In his chapter on this ugliest of words, McWhorter gives a beautiful account of what it means to engage seriously with language as an individual with multiple personal and professional identities: academic linguist, public intellectual, commentator on race, Black man, parent, New Yorker and a dozen other McWhorters. The chapter is a replayable motion picture of a deeply thoughtful person wrestling with a live problem, resisting oversimplification and acknowledging that even provisional answers will always need revising as language and culture shift over time. The N-word is a particularly potent profanity, he acknowledges, but it is also “marvelous,” because its past and present invest it with “menace, filth, scorn, teasing, warmth, love and interracial outreach.” McWhorter’s take on this may not match the reader’s, he admits; but he sets an example for those who want to wrestle their way to a conclusion of their own.
Personal perspective, however, is not without pitfalls, and at several moments in the book I wondered if McWhorter’s opinion was masquerading as fact. “Butt cold,” he tells us, stems from the human backside’s maintaining a lower temperature than the rest of the person, a truth we must all have verified if we’ve laid hands on someone else’s “naked posterior.” “This is why no one says, ‘I’m butt hot,’” he concludes. Skeptical of this reasoning and in search of a supporting citation, I flipped to the book’s back end, where I found a hole: In lieu of a complete list of works consulted, McWhorter gives only a bare-bones selected bibliography in his notes. Determined to get to the bottom of the matter, I probed the relevant scientific literature: The gist is that butt temperature varies inversely with the quantity of fat covering the gluteal muscles; fat insulates the body and keeps its heat in. Because human females typically distribute a greater proportion of their fat to their buttocks than males do, it stands to reason that female buttocks would feel colder relative to the rest of their bodies.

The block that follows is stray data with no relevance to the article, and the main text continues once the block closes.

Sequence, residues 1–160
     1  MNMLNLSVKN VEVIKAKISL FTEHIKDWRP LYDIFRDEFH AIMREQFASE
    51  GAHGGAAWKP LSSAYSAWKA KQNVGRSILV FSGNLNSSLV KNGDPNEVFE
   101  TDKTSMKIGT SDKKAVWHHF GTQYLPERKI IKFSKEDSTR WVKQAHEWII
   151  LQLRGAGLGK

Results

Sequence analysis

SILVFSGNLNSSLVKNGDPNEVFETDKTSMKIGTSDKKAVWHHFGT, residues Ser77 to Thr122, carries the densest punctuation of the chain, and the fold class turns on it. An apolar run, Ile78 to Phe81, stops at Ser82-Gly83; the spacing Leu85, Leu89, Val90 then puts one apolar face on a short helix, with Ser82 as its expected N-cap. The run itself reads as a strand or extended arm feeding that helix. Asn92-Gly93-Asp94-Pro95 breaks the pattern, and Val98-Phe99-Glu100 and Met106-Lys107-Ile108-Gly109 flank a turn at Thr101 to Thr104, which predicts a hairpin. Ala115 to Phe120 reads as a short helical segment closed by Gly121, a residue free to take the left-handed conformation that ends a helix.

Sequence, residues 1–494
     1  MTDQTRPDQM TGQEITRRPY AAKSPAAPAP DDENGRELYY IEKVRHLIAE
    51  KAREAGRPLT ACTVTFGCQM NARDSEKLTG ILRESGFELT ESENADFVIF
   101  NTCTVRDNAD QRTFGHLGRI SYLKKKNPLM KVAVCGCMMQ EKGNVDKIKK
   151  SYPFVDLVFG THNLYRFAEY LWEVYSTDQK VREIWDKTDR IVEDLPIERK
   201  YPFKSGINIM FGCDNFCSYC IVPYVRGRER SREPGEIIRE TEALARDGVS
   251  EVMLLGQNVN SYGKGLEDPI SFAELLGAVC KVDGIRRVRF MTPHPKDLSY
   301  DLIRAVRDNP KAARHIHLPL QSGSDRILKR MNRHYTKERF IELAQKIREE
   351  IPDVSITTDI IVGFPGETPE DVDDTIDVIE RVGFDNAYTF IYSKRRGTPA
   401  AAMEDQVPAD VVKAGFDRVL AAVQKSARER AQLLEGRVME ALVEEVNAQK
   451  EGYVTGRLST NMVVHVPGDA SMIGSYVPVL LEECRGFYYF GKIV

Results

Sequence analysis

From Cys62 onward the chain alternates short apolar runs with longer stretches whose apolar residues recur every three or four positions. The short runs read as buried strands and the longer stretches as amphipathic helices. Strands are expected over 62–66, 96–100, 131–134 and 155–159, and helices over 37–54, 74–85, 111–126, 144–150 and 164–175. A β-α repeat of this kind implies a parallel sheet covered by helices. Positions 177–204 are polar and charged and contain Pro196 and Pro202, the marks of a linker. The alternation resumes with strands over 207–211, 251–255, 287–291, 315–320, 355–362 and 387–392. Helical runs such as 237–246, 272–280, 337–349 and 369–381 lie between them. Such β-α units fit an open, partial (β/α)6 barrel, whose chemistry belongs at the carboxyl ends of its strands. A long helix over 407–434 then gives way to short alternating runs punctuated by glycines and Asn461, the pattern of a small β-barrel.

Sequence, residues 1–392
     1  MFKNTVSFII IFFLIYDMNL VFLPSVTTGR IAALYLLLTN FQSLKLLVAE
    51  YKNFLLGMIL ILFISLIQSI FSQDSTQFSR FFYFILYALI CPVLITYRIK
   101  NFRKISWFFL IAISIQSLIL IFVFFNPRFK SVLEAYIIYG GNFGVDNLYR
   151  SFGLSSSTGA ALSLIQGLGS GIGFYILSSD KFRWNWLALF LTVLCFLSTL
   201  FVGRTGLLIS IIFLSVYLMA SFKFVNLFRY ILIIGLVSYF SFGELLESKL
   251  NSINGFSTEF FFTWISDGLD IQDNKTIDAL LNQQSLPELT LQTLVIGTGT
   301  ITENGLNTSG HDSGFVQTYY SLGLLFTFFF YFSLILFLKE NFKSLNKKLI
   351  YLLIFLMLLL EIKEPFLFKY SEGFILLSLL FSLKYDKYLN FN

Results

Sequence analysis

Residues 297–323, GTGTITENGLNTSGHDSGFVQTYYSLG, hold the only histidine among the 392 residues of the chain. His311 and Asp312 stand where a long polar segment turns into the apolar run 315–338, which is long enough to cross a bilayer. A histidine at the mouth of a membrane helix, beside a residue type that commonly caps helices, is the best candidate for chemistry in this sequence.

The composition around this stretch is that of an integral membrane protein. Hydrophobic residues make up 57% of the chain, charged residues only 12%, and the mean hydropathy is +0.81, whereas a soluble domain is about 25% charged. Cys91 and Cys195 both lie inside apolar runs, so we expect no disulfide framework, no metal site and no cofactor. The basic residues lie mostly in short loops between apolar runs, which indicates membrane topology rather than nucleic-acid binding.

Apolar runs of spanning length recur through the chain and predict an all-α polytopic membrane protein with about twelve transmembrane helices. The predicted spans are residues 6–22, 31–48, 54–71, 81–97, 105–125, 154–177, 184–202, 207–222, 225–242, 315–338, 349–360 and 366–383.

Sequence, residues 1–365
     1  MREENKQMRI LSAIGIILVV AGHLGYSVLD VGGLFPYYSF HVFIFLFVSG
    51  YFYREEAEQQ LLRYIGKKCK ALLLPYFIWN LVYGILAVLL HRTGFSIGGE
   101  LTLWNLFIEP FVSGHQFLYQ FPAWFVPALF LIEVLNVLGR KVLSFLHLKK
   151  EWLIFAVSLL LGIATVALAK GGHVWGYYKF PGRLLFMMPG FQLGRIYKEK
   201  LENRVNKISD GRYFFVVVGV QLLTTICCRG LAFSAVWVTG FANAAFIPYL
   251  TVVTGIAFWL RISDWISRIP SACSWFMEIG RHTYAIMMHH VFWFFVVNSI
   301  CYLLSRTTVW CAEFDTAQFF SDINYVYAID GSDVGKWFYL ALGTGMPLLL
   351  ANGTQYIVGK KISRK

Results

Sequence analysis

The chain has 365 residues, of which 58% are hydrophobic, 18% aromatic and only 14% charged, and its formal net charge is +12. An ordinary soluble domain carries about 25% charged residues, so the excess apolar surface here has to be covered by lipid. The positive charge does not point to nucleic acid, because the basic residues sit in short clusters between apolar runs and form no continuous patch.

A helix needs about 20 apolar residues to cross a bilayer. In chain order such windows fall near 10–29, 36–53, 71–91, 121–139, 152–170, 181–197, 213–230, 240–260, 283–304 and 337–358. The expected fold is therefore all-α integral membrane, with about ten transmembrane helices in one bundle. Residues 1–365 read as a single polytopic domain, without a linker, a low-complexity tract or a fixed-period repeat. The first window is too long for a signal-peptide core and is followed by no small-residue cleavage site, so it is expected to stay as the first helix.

If you’ve more often put your hands on a male’s naked posterior, your experience may be entirely different. And if we accept that not all butts are relatively cold, McWhorter’s etymology could be (1) false, because it’s based on an assumption drawn from personal experience, which he’s extrapolated to the universal; or (2) true, but worthy of a linguist’s careful analysis, because isn’t it interesting how and why unilateral perspectives accrete in the unlikeliest of places, not just in austere grammar tomes, but in slang like “butt cold” too?
Moments like these in which evidence is AWOL are not the only reason I’m petitioning for a bibliography. A fully sourced book would make it easier to identify (and praise) the places where McWhorter’s analysis of language is as original as his writing style. And it would showcase the omnivore’s feast of reference material he serves up in the book, where Thomas Hobbes, N.W.A. and the Elle Woods character in “Legally Blonde” comfortably share space in a chapter on “bitch.” Whether an author has leaned too heavily on one type of source or ably run the gamut like McWhorter, a bibliography renders that choice visible. Perhaps it’s time for readers who want to buy books that incorporate a diversity of perspectives to insist that nonfiction authors always ante up their sources in full.
I’m hammering hard on the lack of citations because I thought so highly of the book over all: It deserves to be taught in classrooms, and deserves to be quoted — not merely because its butt hot bons mots will be a hit at cocktail parties. “Nine Nasty Words” is a deeply intelligent celebration of language that teaches us how to see English in high definition and love it as it really is, right now and in its myriad incarnations to come.